Attackers Use Phishing Mails with ‘Chemical Attack’ Theme to Lure Victims Mihir Bagwe • May 9, 2022 Source: CERT-UA
The Ukrainian Computer Emergency Response Team, which operates under the State Service of Special Communication and Information Protection of Ukraine, says an unknown attacker has been conducting a “massive” Jester Stealer malware distribution campaign to steal personal data.
The attacker has been distributing the malware via phishing emails with a “chemical attack” theme, the CERT-UA statement says. Opening the XLS-document attached in the phishing email enables macros that download and execute an EXE file, which in turn loads the Jester Stealer malware onto the victim’s system.
The malicious file is uploaded from already compromised web resources. This implies that the threat actors are using resources that are already compromised instead of their own for malware distribution to avoid leaving a trail that could lead back to them.
The malware, CERT-UA’s experts say, is being used to steal authentication and other forms of data from internet browsers, MAIL/FTP/VPN-clients, cryptocurrency wallets, password managers, messengers and game programs.
One striking difference between the Jester Stealer malware and other malware, according to cybersecurity experts, is that Jester Stealer transfers all the stolen data to a malefactor via Telegram, while other malware traditionally uses a command-and-control server. “The hackers get the stolen data via Telegram using statically configured proxy addresses (e.g. within TOR),” CERT-UA experts say.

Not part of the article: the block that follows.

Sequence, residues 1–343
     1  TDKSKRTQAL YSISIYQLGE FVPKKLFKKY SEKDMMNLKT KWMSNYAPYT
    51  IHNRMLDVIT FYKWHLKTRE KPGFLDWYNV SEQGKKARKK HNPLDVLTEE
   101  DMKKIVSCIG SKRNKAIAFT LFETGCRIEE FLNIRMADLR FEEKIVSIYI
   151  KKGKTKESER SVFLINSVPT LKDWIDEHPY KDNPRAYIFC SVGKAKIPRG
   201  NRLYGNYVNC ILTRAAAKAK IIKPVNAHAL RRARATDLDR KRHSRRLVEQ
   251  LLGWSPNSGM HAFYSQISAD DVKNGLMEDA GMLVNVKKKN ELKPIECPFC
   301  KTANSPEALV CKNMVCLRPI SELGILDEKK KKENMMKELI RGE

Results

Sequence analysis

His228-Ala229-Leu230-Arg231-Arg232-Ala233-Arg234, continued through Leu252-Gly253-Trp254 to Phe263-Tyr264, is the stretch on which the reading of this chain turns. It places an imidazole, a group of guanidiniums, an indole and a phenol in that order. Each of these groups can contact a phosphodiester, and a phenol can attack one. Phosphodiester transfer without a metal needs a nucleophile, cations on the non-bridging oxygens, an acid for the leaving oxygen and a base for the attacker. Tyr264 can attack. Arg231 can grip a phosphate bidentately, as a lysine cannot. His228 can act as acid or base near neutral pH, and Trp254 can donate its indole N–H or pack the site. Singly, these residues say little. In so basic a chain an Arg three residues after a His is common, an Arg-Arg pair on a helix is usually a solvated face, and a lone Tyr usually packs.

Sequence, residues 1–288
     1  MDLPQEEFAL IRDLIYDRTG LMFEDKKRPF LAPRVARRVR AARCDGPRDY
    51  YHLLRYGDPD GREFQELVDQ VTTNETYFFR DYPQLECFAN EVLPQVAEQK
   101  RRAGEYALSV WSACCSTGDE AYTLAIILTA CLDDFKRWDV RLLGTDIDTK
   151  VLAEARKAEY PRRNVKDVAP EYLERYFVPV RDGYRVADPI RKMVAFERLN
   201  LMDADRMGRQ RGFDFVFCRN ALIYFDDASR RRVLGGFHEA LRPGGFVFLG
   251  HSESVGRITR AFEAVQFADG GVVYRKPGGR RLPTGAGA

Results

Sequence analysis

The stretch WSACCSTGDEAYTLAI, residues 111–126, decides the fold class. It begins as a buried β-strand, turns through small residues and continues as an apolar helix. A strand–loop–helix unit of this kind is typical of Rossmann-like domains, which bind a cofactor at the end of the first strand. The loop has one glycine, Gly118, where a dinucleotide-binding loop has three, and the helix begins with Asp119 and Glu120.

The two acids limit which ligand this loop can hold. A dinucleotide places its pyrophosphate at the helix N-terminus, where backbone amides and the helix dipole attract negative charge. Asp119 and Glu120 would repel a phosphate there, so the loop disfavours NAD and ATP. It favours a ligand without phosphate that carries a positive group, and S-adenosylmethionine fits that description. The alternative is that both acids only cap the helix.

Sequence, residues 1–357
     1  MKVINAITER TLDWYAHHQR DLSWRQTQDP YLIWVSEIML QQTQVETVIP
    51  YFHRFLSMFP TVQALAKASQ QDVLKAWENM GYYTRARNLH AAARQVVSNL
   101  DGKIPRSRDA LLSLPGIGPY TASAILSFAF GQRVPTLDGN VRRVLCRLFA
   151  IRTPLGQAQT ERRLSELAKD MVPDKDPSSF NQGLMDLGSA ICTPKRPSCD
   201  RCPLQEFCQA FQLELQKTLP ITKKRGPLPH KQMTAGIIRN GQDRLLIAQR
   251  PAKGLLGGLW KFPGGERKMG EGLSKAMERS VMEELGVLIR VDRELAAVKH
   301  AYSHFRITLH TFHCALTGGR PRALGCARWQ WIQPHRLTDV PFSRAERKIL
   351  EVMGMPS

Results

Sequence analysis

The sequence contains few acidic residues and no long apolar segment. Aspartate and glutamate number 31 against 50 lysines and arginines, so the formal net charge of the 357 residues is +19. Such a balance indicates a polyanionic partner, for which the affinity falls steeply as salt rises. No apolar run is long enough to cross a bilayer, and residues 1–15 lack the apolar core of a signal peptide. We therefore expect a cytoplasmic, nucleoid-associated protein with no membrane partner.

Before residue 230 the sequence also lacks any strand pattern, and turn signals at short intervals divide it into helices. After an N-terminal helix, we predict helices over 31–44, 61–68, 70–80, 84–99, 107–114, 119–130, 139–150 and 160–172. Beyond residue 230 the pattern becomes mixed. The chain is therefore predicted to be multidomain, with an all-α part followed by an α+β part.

Further Decoding the Stealer
In February 2022, Cyble, a global threat intelligence software-as-a-service provider, categorized the Jester Stealer malware as .net-based, and shared a modus operandi similar to that provided by CERT-UA.
According to Cyble’s technical analysis, the malware is linked to a GitHub profile. Researchers at the firm say that “in the later part of an infection, the malware uses the GitHub repository for downloading TOR proxies.”
CERT-UA, in its notification, says that the Jester Stealer malware “also use[s] anti-analysis techniques like anti-VM/debug/sandbox.” Cyble, in its blog, confirms this, adding that the malware has several built-in checks that terminate it if it is executing in a virtualization environment.
The malware, according to Cyble’s analysis, terminates itself for the following reasons:
- First, the malware compares the string “-debug” with the command line parameter of the running sample. If it matches, the malware identifies that it is being debugged and terminates its execution.
- The malware checks the presence of virtualization applications, such as Virtulbox, vmbox, VMware, etc., and terminates its execution if they are identified to be running actively in the system.
- The malware specifically checks for a sandbox dll “SbieDll.dll” and terminates its execution if it is present in the targeted machine.
- The malware uses an anti-repeat technique to make sure it executes only once on any given machine. Upon execution, the malware creates a registry key value “state” and sets the value to 1. If the malware executes again on the same machine, it checks the state from the registry and terminates if the value is already set.